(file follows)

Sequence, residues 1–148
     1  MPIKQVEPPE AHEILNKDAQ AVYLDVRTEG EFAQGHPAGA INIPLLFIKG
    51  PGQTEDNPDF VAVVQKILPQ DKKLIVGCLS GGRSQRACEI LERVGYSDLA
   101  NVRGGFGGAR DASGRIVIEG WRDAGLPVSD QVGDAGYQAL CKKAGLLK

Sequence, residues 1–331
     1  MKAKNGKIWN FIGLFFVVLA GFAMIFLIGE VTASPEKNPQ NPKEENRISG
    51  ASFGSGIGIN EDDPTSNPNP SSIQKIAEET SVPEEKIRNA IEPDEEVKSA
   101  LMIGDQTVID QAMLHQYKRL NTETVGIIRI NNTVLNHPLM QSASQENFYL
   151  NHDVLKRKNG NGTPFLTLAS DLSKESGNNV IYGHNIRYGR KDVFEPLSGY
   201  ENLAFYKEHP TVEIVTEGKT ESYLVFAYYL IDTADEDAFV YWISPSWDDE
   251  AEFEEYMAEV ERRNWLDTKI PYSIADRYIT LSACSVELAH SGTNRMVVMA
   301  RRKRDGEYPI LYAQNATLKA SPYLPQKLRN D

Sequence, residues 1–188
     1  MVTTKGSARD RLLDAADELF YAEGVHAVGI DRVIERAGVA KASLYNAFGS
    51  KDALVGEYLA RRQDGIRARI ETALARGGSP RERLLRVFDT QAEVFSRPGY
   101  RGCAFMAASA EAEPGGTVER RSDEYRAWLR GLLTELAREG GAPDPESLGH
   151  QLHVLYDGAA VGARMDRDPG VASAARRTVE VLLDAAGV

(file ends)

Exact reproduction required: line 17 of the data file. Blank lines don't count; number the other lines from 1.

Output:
   151  QLHVLYDGAA VGARMDRDPG VASAARRTVE VLLDAAGV